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Energy Insights

Open Energy Data

Let the sun shine in.

How new rules will open energy data to customers.

If there’s one thing more illuminating than the electrons delivered by energy companies – it’s the household usage data stored on their servers. Energy companies know how and when customers use energy, deliberately designing prices to make people pay more, while running processes designed to frustrate competition.

It is possible for customers to get and share their data, but the process is long-winded and off-putting. So most people give in at the thought of trying to understand and manage their energy better. In effect, the energy industry enjoys a monopoly over data, and this has allowed them to give lousy service while fending off new entrants offering brighter services. For Australia, that’s all about to change.

Change is in the air

Twenty years ago, energy companies effectively achieved self-regulation by writing the rules they’d be regulated by. They then went on to staff the working groups that designed and implemented any changes to those rules. The result has been to protect their revenues by plugging consumers into twenty years of glacial change.

What’s sparking this desire for change is the Customer Data Right (CDR) movement extending into energy. Open energy data, regulated by the ACCC, with rules written by Treasury, will shift the data ownership from energy companies to customers. From November 2022, energy companies will be compelled to share data with customer-nominated certified third parties.

Energy companies are blowing a fuse – maintaining that the data is irrelevant to customers and that the new mandate will impose unnecessary costs. Their lobbying of Treasury to exclude certain customers and data, and to delay the process, is unsurprising – and in [my/our] view, wrong.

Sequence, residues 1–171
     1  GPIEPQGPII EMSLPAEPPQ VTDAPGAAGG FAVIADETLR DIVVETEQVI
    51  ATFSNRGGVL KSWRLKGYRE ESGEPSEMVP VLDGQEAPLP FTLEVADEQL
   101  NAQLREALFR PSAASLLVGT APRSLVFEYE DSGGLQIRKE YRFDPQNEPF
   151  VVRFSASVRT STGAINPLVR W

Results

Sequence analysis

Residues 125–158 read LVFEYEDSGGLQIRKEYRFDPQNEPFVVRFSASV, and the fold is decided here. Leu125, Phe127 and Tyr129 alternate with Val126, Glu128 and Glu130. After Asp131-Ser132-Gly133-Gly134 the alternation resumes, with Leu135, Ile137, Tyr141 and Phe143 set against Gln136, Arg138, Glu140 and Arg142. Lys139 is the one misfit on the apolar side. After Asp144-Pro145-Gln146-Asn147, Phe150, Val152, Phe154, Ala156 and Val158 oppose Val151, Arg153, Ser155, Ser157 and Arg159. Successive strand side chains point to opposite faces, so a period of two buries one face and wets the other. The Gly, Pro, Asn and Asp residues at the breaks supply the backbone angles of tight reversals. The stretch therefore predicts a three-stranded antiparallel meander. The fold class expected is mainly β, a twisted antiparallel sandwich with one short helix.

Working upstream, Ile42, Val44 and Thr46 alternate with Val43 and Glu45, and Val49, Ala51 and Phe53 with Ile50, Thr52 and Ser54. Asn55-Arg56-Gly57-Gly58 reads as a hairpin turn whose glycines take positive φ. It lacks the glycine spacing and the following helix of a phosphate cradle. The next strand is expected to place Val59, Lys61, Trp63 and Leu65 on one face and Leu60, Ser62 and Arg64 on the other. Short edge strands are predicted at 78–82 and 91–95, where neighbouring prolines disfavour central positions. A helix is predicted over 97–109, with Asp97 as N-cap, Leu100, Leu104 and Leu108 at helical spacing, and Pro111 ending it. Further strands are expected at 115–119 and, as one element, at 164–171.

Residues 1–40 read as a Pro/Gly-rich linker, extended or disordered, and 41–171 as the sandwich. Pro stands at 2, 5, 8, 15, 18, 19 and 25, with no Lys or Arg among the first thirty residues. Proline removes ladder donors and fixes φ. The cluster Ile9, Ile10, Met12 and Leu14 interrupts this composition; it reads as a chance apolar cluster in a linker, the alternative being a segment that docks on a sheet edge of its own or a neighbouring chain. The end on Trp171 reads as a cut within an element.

Why open energy data is good

Energy Action believes that opening up energy data is good for customers and for competition – allowing the market to offer innovation. For individuals, energy data could connect children to their grandparents, letting them know the morning kettle boiled or the dinnertime lights turned on. For businesses, technology can aggregate energy data in one place, allowing companies to drive down their costs or find the best way to get to Net Zero emissions. The new rules compel energy companies to share data within tight timeframes – something they’ve never had to do before.

Ensuring data access is secure

CDR is intended to make it easy for customers to access their own data so they can use it how they want. Energy companies’ concerns about sharing customer details with third parties –creating barely believable scare stories –are disconnected from the real world.

The reality is, third parties that want to access energy data will need to be ACCC accredited. They will need to demonstrate that their data defences are robust, and submit to annual audits. And they will need to clearly explain how data might be used – as consent to share is easily revocable. It’s arguable that many online energy data managers will actually become more secure, because of the security standards that have to be met.

Open energy data will drag reluctant energy companies into the internet age, requiring them to accept customer click-through consent, rather than the quaint forms they demand today.

Customers are the winners

As the regulator, the ACCC will need to become more ruthless to ensure that energy companies comply with CDR timelines. Already delayed once, energy companies are continuing to say that CDR is complicated and time consuming. Yet energy companies have been communicating for 20 years using B2B technology, so the technology infrastructure to support CDR is already in place – it just needs minor enhancements.

Energy companies are fighting to minimise losing control over what they view as their own customer data. They’re trying to exclude business customers from CDR, even though it’s businesses that will benefit the most financially.

It’s imperative that the ACCC holds its nerve in response to energy company lobbying. Open energy data will give energy techs the opportunity to build new and better businesses and push energy companies to improve their services. In both cases, the ultimate winners are the customers.

To learn more, check out this webinar for a more in-depth analysis of this concept of Open Energy Data.

Open Energy Data - What it means for Australian Businesses

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